Planets and Moons  ID: 4158

Lunar Eclipses and the Moon's Orbit

The animations on this page illustrate the Moon’s orbit and its role in lunar and solar eclipses. A solar eclipse happens when the Moon’s shadow falls on the Earth, while a lunar eclipse happens when the Earth’s shadow falls on the Moon.

Eclipses can only happen at New and Full Moon, when the Earth, Moon, and Sun are all in a straight line. But they don’t happen every New and Full Moon, because the Moon’s orbit is tilted by about 5 degrees. As the Earth and Moon travel around the Sun, the tilt of the Moon’s orbit changes direction relative to the Sun.

This is analogous to the way the tilt of the Earth causes seasons. Just like winter and summer happen every six months, eclipses tend to occur on a roughly six-month cycle.

Unlike most eclipse shadow diagrams, the first three animations here don’t greatly exaggerate the scale of the Earth and Moon. They are only 2x their true scale. The view is exactly perpendicular to the Earth-Sun line. The angle of the Moon’s orbital tilt and the “tapering” of the shadows are both accurate. The orbit happens to be calculated for the months preceding the April 15, 2014 total lunar eclipse.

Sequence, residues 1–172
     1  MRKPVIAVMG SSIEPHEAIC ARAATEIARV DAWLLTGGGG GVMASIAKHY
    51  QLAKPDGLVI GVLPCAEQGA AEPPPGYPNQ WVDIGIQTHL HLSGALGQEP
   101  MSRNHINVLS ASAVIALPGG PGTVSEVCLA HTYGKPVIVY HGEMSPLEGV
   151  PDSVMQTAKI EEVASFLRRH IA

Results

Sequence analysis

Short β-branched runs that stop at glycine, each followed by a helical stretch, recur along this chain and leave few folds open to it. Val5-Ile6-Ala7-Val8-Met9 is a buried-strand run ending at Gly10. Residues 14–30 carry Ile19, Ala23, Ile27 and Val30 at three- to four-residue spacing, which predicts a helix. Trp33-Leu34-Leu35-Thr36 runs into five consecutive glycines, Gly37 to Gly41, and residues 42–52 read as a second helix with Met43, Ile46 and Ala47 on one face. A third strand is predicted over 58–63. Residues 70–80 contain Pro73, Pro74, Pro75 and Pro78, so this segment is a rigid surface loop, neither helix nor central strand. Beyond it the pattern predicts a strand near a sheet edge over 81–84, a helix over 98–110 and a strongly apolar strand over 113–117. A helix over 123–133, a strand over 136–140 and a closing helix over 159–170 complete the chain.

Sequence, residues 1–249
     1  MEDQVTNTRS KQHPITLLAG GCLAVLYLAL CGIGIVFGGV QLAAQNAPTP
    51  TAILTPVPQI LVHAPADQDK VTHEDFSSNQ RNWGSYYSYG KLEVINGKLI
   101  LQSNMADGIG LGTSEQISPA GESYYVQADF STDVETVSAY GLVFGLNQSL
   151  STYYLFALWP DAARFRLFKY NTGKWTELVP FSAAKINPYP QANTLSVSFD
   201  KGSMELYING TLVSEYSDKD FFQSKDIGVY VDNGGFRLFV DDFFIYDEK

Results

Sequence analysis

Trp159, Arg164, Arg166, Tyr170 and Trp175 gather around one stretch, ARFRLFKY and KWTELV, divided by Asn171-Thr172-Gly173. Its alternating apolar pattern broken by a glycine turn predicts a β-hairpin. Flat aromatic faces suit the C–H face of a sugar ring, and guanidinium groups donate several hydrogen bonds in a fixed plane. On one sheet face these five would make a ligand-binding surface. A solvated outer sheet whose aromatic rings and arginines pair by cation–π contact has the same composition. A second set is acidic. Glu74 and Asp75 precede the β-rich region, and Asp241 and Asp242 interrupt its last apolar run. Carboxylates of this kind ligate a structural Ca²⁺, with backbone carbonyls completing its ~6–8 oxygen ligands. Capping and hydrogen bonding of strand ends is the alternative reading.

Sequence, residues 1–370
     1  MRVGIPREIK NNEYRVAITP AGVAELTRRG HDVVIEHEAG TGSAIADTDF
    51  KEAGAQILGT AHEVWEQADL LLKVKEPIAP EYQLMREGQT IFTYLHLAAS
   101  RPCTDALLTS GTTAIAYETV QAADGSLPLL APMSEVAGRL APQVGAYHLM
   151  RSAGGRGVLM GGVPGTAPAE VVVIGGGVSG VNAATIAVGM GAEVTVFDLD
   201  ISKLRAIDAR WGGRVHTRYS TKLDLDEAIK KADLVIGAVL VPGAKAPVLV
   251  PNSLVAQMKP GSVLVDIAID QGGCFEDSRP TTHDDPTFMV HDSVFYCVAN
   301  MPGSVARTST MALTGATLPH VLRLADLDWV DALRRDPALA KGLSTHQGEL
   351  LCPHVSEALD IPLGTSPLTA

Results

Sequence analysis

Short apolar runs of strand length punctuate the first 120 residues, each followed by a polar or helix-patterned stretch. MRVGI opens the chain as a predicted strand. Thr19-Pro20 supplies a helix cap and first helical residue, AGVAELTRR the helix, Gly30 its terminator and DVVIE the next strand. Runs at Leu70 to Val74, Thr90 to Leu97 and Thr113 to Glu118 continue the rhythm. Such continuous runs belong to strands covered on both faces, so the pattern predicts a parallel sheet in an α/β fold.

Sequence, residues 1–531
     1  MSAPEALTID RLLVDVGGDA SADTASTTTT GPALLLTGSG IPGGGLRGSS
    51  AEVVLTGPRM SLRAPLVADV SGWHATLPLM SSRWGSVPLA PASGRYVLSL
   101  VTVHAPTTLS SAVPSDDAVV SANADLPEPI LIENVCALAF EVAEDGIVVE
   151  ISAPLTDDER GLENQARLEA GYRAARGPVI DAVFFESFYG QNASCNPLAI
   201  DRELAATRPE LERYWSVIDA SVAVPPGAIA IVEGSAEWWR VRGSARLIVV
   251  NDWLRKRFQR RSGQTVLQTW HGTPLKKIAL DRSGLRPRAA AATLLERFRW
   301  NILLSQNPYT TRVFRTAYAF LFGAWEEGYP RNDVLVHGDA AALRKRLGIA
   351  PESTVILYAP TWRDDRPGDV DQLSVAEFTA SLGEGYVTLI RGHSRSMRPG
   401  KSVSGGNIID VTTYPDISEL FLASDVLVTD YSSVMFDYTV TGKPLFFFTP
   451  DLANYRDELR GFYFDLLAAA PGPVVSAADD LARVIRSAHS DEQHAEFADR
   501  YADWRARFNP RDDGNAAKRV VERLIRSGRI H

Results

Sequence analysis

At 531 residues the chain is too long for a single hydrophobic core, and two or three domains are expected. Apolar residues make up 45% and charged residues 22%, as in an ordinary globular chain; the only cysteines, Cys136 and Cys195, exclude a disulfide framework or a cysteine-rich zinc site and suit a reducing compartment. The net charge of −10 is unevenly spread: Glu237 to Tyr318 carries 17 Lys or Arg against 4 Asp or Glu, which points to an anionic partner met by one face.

For More Information

Visualization Credits

Ernie Wright (USRA): Lead Animator
Dan Gallagher (USRA): Producer
David Ladd (USRA): Producer
Michelle Handleman (USRA): Producer
John Keller (NASA/GSFC): Scientist
Noah Petro (NASA/GSFC): Scientist
Michelle Thaller (NASA/GSFC): Scientist
Laurence Schuler (ADNET Systems Inc.): Project Support
Ian Jones (ADNET Systems Inc.): Project Support
Please give credit for this item to:
NASA's Scientific Visualization Studio

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LRO (Lunar Reconnaissance Orbiter)

Data Used:
LRO/LOLA/Digital Elevation Map
LRO/LROC/WAC 643nm High Sun Global Mosaic
Note: While we identify the data sets used in these visualizations, we do not store any further details nor the data sets themselves on our site.

This item is part of these series:
The Moon
LRO - Animations

SVS >> Lunar
SVS >> Moon
SVS >> Lunar Reconnaissance Orbiter
SVS >> Eclipse
SVS >> Lunar Eclipse
NASA Science >> Planets and Moons